No church today. Waiting for Hurricane Irma to traverse the Florida peninsula. Plenty of time to think and pray…
Of course you’re going to hear about it. You’ve thought about it, too. How could you not? All the pieces are there: a total eclipse, back-to-back hurricanes hitting the United States, a devastating earthquake in Mexico City, scorching wildfires in the west after record high temperatures and years of drought, hatred and violence in places like Charlottesville, VA and nuclear war just over the horizon. Science fiction writer John Scalzi tweeted, “These aren’t the End Times, but it sure as hell feels like the End Times are getting in a few dress rehearsals right about now” (1:20 pm Sept 8. 2017)
[Jesus said,] “There will be signs in the sun, moon and stars. On the earth, nations will be in anguish and perplexity at the roaring of the sea. People will faint from terror, apprehensive of what is coming on the world, for the heavenly bodies will be shaken” (Luke 21:25-26).
Just make sure you keep reading. “Now when these things begin to take place, straighten up and raise your heads, because your redemption is drawing near” (Luke 21:28). The coming of our Lord is good news for God’s people. We’ve been waiting for him, right? Continue reading “All the signs are there”
It’s been a year since the earthquake hit Haiti, devastating an already devastated country. Where were you when the earthquake happened? I have no idea. I don’t remember the news even really showing up on my radar a year ago.
But now we think about Haiti all the time. Last March, when the call for help went out, my wife went with an LC-MS World Relief medical team and saw first hand what had happened and what people were going through. Although she touched a lot of lives, it turns out that others touched her life even more. Those who survived, those who had to stay there after she came home, those who email us, and those whose faces we can’t forget, touch our lives each day.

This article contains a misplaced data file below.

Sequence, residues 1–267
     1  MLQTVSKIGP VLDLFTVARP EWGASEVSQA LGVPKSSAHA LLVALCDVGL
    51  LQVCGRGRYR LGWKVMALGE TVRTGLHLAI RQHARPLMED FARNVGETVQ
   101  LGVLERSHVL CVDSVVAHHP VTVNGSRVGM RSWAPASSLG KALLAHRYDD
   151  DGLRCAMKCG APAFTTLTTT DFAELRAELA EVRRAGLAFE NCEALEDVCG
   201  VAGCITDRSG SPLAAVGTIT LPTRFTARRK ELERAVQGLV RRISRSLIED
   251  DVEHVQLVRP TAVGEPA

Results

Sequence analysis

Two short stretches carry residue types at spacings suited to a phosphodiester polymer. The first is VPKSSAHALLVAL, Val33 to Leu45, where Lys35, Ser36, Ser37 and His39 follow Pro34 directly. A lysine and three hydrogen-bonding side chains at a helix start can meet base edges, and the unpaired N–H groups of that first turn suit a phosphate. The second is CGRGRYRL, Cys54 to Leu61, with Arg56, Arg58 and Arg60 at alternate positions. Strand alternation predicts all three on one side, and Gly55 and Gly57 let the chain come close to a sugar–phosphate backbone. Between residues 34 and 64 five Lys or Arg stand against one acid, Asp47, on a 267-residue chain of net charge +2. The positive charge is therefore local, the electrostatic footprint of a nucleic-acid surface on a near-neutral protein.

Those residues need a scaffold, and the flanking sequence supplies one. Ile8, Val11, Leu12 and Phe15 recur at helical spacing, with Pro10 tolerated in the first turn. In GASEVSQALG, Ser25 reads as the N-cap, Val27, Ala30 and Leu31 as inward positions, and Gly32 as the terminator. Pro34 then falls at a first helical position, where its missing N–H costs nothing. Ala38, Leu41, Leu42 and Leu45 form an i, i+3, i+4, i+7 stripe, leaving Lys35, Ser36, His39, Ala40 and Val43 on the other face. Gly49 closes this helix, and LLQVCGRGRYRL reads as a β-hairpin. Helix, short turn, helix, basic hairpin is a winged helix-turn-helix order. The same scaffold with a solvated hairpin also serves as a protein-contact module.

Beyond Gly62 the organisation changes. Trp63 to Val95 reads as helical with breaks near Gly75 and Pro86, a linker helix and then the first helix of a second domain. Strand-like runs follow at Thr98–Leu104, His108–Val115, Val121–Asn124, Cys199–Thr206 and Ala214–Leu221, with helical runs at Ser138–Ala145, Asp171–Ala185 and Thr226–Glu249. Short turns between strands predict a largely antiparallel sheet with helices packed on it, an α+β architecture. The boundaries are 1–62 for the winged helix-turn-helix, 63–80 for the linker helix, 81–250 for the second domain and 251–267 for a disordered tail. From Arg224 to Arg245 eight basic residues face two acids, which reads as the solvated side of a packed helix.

There are lots of articles out there to read about Haiti a year later, from LCMS World Relief and Human Care, Relevant magazine, and so many others. In some ways, not much has changed. Some have found homes. Many receive care. Some are back in school. A few have real hope. Hopefully our hearts have changed. We are planning on having our friend Lophane here in February to speak to us about his life, his work and his hopes for Haiti. I think it’s amazing just to be able to write that we have friends in Haiti, a place I hardly ever took notice of before.
Today I’m wondering how much I should adjust my sermon to address the event that is on everyone’s mind and constantly on the news: the devastating earthquake in Haiti last week. I’m already prepared to speak about life issues this week, as we often do the third Sunday of January. Yet I can’t pretend that people aren’t thinking about the suffering in Haiti, how they can help, earthquakes, and what this all might mean. I also can’t ignore the even greater tragedy of millions and millions of abortions over the last 36 years in America.
My plan is to still speak the truth about life, and use Haiti as an example of how sensitive we are to suffering and dying in this world. So is God. That is why His Word speaks so powerfully about the value of human life, from the view of both creation and redemption. We care about life because He does. Since I don’t write out my sermons, but do a kind of storyboarding, I think I can weave this together.
Another thing to consider when adjusting a sermon is how quickly we move from one crisis to another. After five days, there are already other stories in the news, and our focus is turned elsewhere. Jesus said that earthquakes are just the beginning of the birth pangs, just a sign that the world will be coming to an end, calling people to boldly testify of him and remain faithful (Matthew 24). It’s going to happen, and you are going to need some endurance, in other words, hang on for the ride and remain faithful by loving God and loving others (Revelation). For me, that’s about all you can say about an earthquake. But there is so much more to say about life.